Is there any power equal or above God’s power? No! Therefore, if God is for us, who can be against us? The Scriptures emphasize this point throughout.

Jesus Christ by his death has defeated all our enemies and his enemies.

Jesus is still waging war against all our defeated enemies, and it is His business to fight such a war. In Psalm 110:1 the psalmist declares,

The LORD says to my Lord: ‘Sit at my right hand until I make your enemies a footstool for your feet.’

In 1 Corinthians 15:25-27 Paul writes,

Then the end will come, when he hands over the kingdom to God the Father after he has destroyed all dominion, authority and power. For he must reign until he has put all his enemies under his feet. The last enemy to be destroyed is death.

The battles may come and the enemies may rise up, but I don’t need to solve the problem alone. The Holy Spirit himself intercedes on my behalf. What a beautiful thing. The Spirit comes to the Father on my behalf, but unlike me, the Spirit knows exactly what I need. He’ll never pray the wrong thing. The Spirit will ask God to give me what I need and God will always give it to me. Romans 8:26 says,

Likewise the Spirit helps us in our weakness. For we do not know what to pray for as we ought, but the Spirit himself intercedes for us with groanings too deep for words.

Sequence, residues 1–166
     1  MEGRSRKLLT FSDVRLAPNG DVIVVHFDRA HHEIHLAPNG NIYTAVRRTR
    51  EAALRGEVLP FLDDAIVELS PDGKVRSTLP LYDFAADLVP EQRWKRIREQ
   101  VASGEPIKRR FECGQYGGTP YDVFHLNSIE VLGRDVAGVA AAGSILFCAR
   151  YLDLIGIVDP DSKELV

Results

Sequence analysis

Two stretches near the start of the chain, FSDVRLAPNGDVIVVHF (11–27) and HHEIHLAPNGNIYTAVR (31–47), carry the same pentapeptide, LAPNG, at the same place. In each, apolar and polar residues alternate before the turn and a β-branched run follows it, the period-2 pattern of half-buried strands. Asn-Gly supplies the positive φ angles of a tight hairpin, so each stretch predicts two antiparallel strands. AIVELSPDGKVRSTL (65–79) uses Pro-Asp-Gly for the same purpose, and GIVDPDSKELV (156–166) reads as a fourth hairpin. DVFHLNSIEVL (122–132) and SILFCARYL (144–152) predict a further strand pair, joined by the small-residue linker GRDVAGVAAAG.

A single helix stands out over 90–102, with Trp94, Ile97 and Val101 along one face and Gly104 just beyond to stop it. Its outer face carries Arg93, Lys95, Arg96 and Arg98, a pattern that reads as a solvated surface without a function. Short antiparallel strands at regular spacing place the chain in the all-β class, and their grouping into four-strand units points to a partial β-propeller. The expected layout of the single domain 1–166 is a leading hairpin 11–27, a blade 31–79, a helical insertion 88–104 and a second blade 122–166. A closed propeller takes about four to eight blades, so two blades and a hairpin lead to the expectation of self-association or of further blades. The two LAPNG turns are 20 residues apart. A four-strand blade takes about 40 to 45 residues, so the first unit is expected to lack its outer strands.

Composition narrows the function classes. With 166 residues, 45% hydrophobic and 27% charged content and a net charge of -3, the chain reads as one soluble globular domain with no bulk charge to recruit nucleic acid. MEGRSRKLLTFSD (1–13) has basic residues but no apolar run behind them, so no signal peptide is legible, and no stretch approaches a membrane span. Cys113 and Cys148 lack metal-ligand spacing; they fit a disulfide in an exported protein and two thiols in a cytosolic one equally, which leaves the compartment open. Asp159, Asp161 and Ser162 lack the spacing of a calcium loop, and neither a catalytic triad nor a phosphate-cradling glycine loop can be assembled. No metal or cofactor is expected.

The whole world may stand against me, but it can’t destroy me because the Holy Spirit is interceding for me.

Though I may be buffeted by a hurricane of pain, strife, sorrow, temptation, and spiritual attack, God calmly controls every gust of that hurricane. He is orchestrating all things for my good and his purpose, strategically using this trial to build my trust in him, this relationship to increase my joy, and this hurdle to hurdle to give me a deep experience of his love for me.

No matter what stands against me, it can’t thwart God’s purpose. From start to finish, first breath to last, cradle to grave, I’m his. Come hell, high water, or the apocalypse, nothing can stand against me.

I enjoy singing songs that reflect on God’s faithfulness and promises to remind me in times of battle that God is for me and with me. If you are like me there are times you need a reminder that he is God and you aren’t and His timing is much more deliberate than yours. One of those songs goes:

Walking around these walls
I thought by now they’d fall
But You have never failed me yet
Waiting for change to come
Knowing the battle’s won
For You have never failed me yet

Your promise still stands
Great is Your faithfulness, faithfulness
I’m still in Your hands
This is my confidence, You’ve never failed me yet